Introducing public health
Introducing public health

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Introducing public health

5 Everybody’s business?

In this final section of the course you consider how far individuals, groups and communities might get involved in safeguarding and promoting public health.

Activity 6 investigating your own locality

1 hour

Using Google [Tip: hold Ctrl and click a link to open it in a new tab. (Hide tip)] , or your favourite search engine, find the web page of your local council. You may find it helpful to go to Gov.UK – which is UK-wide – and locate the relevant web page from there. Use the search engine to find your local community strategy document.

Find out and make notes on what your local strategy has to say about health inequalities and what priorities it sets for improving health in the local area. You will find your local strategy a useful resource informing your own public health action.


You should now be familiar with the community strategy of your local council and what a useful resource it can be. The community strategy for Northampton, for example, recorded significant health inequalities between different parts of the town linked to levels of unemployment, housing and income. Improving access to leisure and cultural activities was seen as a top priority to make healthier choices easier. Emphasis was also given to promoting good health, housing and social wellbeing. The community strategy identified the importance of partnership working with a range of stakeholders and organisations, including primary care trusts.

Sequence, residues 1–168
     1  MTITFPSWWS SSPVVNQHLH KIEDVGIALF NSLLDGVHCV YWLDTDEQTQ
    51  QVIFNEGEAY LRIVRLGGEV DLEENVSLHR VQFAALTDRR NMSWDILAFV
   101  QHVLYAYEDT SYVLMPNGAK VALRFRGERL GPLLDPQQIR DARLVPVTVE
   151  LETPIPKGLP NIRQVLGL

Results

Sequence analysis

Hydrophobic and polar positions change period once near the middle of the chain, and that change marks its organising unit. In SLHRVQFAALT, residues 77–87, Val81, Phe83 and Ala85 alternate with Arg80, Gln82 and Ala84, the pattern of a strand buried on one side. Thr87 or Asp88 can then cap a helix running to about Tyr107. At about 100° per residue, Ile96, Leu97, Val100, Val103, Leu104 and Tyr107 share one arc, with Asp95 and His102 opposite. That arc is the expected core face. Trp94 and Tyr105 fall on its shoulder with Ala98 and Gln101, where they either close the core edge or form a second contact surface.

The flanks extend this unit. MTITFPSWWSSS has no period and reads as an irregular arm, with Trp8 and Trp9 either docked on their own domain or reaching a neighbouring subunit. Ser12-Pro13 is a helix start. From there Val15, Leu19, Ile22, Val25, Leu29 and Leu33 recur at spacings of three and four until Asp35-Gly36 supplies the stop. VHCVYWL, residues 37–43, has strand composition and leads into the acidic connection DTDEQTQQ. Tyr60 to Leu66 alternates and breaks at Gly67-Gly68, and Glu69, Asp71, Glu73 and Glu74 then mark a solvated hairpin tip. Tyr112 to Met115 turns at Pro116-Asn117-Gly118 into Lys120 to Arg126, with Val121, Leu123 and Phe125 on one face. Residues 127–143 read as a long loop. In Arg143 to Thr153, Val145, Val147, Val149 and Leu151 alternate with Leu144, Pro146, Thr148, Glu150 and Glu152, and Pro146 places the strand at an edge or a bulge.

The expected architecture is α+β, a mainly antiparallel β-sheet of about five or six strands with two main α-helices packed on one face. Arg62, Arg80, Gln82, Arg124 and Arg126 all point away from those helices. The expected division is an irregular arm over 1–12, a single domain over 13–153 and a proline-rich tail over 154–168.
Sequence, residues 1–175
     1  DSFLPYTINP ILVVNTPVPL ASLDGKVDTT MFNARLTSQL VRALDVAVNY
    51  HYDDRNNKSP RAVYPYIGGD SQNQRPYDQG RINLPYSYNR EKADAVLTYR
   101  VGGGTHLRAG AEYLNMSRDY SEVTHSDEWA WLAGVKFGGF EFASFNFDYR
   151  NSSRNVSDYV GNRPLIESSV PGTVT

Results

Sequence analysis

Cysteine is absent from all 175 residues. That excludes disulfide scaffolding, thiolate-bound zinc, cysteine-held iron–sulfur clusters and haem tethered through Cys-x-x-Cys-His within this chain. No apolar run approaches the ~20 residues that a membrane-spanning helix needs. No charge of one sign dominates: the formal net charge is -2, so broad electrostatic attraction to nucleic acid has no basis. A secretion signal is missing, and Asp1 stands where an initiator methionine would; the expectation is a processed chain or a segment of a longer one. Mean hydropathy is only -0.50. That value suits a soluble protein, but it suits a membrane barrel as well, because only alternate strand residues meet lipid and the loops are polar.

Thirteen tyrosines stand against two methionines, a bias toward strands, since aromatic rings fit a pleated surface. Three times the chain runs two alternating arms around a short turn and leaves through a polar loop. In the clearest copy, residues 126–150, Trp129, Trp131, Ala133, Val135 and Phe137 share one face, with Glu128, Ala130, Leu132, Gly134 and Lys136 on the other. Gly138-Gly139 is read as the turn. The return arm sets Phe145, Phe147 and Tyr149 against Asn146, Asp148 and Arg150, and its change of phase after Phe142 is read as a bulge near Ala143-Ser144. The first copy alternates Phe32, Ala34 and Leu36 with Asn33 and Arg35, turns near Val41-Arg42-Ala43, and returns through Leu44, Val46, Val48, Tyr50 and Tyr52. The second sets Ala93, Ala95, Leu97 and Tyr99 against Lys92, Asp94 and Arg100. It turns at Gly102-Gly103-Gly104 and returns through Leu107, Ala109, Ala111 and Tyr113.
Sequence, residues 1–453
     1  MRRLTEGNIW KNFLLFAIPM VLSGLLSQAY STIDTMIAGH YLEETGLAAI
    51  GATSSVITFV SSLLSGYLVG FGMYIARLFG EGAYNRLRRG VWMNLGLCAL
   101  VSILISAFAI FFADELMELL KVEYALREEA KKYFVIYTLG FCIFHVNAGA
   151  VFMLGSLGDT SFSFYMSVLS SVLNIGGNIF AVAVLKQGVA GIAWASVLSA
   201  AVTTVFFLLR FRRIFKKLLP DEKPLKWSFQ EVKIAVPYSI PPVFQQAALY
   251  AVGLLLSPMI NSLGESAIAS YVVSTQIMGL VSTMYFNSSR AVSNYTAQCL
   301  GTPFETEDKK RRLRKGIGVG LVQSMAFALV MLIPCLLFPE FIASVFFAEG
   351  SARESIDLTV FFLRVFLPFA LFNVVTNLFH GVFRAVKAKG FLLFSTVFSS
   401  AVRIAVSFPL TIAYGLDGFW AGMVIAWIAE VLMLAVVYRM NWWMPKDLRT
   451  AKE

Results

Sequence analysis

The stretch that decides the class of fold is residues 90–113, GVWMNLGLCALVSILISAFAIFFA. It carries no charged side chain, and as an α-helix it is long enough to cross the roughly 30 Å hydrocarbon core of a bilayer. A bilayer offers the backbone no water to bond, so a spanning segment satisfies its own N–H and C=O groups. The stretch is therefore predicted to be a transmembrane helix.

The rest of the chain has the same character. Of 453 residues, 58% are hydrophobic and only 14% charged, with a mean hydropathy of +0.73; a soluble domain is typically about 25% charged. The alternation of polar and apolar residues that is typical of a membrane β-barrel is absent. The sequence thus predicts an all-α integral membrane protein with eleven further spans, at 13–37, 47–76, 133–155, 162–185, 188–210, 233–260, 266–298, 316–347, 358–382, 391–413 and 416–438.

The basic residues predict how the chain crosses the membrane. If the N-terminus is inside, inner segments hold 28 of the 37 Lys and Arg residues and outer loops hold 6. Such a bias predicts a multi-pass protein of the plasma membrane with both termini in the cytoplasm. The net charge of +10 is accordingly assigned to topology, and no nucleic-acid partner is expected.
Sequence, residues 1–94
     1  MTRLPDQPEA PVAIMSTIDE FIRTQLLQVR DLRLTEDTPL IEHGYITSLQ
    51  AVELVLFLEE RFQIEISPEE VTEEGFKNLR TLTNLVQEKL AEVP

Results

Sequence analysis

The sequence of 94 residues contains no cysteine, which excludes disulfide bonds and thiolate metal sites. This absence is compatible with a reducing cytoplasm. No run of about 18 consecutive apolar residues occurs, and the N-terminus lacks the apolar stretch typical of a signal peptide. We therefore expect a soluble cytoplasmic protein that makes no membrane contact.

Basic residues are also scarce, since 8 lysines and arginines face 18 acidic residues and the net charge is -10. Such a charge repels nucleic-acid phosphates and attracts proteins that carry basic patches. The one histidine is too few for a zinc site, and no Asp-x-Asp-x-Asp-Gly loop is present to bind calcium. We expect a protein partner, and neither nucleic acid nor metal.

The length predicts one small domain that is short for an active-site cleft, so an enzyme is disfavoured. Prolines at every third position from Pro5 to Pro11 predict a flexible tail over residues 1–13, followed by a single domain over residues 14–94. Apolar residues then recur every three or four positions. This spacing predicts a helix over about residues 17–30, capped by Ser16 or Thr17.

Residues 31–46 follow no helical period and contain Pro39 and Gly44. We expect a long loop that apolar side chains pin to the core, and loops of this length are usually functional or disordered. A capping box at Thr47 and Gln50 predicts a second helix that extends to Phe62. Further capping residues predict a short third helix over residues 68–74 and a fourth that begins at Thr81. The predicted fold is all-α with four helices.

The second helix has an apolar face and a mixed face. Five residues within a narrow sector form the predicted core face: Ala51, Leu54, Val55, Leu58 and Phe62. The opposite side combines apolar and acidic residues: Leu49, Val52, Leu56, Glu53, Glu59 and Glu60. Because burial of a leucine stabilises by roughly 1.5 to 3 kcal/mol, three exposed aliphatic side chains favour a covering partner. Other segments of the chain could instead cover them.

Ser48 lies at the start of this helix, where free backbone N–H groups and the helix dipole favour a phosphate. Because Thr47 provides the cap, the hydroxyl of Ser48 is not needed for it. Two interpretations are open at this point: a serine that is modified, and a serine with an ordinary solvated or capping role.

Last, but not least, much of the work of public health is in the hands of informal public health workers – you and me.

Activity 8 Informal public health

30 minutes

Read Section 4.4 of the document below, Who promotes public health?, which is an extract from Chapter 4 of Theory and Research in Promoting Health (eds. Earle et al, 2007).

Reflect on the role of the family as an informal promoter of public health. What influence can it have on the choices affecting health its members make? What impact might such informal health work have on those who engage in it?


Family members engage in promoting health, as well as being the focus of health-promoting activity by others. Individuals and agencies can play diverse roles depending on such differences as age, gender, socio-economic status and occupation. Research indicates that women play a pivotal role within the family and that they are primarily responsible for activities which, directly or indirectly, promote health. However, no two families are alike and indeed the concept of ‘the family’ conceals the heterogeneity which exists in real life and across the life course. Women’s health-promoting roles can impact negatively on their own health, for example if they have a demanding caring role (Hirst, 2005). However, such a role can also contribute to the maintenance of a positive self-identity for women.


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